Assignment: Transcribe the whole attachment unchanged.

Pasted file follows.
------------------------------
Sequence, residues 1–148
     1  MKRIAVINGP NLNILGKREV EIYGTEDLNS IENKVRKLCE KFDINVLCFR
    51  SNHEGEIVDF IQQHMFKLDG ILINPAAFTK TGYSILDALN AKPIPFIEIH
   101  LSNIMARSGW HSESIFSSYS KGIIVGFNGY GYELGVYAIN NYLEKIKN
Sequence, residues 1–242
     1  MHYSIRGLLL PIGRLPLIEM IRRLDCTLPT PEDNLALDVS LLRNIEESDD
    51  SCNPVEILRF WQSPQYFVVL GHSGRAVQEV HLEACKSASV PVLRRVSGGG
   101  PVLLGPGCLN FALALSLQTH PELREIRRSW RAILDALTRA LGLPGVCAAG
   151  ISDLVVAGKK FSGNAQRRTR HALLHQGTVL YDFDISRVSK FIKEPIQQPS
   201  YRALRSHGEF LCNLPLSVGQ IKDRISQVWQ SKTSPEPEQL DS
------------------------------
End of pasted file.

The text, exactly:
Sequence, residues 1–148
     1  MKRIAVINGP NLNILGKREV EIYGTEDLNS IENKVRKLCE KFDINVLCFR
    51  SNHEGEIVDF IQQHMFKLDG ILINPAAFTK TGYSILDALN AKPIPFIEIH
   101  LSNIMARSGW HSESIFSSYS KGIIVGFNGY GYELGVYAIN NYLEKIKN
Sequence, residues 1–242
     1  MHYSIRGLLL PIGRLPLIEM IRRLDCTLPT PEDNLALDVS LLRNIEESDD
    51  SCNPVEILRF WQSPQYFVVL GHSGRAVQEV HLEACKSASV PVLRRVSGGG
   101  PVLLGPGCLN FALALSLQTH PELREIRRSW RAILDALTRA LGLPGVCAAG
   151  ISDLVVAGKK FSGNAQRRTR HALLHQGTVL YDFDISRVSK FIKEPIQQPS
   201  YRALRSHGEF LCNLPLSVGQ IKDRISQVWQ SKTSPEPEQL DS